A User's Guide to Postcolonial and Latino Borderland Fiction

A User's Guide to Postcolonial and Latino Borderland Fiction

A User's Guide to Postcolonial and Latino Borderland Fiction

A User's Guide to Postcolonial and Latino Borderland Fiction


Why are so many people attracted to narrative fiction? How do authors in this genre reframe experiences, people, and environments anchored to the real world without duplicating "real life"? In which ways does fiction differ from reality? What might fictional narrative and reality have in common--if anything? By analyzing novels such as Arundhati Roy's The God of Small Things, Amitav Ghosh's The Glass Palace, Zadie Smith's White Teeth, and Hari Kunzru's The Impressionist, along with selected Latino comic books and short fiction, this book explores the peculiarities of the production and reception of postcolonial and Latino borderland fiction. Frederick Luis Aldama uses tools from disciplines such as film studies and cognitive science that allow the reader to establish how a fictional narrative is built, how it functions, and how it defines the boundaries of concepts that appear susceptible to limitless interpretations. Aldama emphasizes how postcolonial and Latino borderland narrative fiction authors and artists use narrative devices to create their aesthetic blueprints in ways that loosely guide their readers' imagination and emotion. In A User's Guide to Postcolonial and Latino Borderland Fiction, he argues that the study of ethnic-identified narrative fiction must acknowledge its active engagement with world narrative fictional genres, storytelling modes, and techniques, as well as the way such fictions work to move their audiences.


As a Chicano teen far from homelands (Mexico and California) growing up in a 1980s London stretched large with all walks of life I found myself irresistibly drawn to literature. With the guidance of a gracious librarian and an Afro-Caribbean British-identifying English teacher, I indulged in the inexhaustible splendors, merriment, and knowledge served up by the likes of Gabriel García Márquez, Jorge Luis Borges, Max Frisch, Hanif Kureishi, Elena Garro, Juan Goytisolo, and Salman Rushdie, among many others. I was living and going to school in a part of London filling to the brim with peoples from the Caribbean, Pakistan, India, and Africa. I was living in a time when many “postcolonial” authors were fast becoming visible in their creative reimagining of such a metropolitan space.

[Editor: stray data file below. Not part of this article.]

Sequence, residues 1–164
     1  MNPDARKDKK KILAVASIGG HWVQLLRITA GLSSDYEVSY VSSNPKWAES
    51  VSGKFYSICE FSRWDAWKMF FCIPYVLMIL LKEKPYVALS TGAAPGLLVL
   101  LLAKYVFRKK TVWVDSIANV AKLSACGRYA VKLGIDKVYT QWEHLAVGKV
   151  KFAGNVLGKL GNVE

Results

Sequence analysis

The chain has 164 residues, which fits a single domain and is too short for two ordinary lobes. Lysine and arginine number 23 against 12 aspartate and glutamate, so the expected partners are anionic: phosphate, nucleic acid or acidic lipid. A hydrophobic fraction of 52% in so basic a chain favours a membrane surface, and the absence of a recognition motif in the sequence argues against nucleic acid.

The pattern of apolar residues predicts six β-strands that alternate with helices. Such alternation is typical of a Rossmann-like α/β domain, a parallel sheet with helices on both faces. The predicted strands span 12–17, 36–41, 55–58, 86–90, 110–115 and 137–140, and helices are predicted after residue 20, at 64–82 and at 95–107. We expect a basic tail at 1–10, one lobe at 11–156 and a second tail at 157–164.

This was my introduction to the world of literature—and to “world literature.” At this stage, such readings were absolutely self-interested and self-absorbed, drawn to the narratives because of a strong identification with the characters and their settings. I was filled with questions about my various experiences of dislocation (Mexico City to Sacramento to London), and many of these authors seemed to imagine characters and worlds that did not so much provide answers as provide some kind of tellurian foothold.

At this point, too, after returning again and again to certain authors I began to wonder what it was about them—and not others—that had me going back for more. It surely was not that their novels and short stories captivated me because they mirrored my personal experience and that of my classmates and friends while schooling ourselves in the racially mixed inner-city London. After all, how much more different could García Márquez’s Macondo be from Frisch’s Zurich or Kureishi’s South London? And yet I loved them all.

It was only once I set foot on the University of California Berkeley . . .

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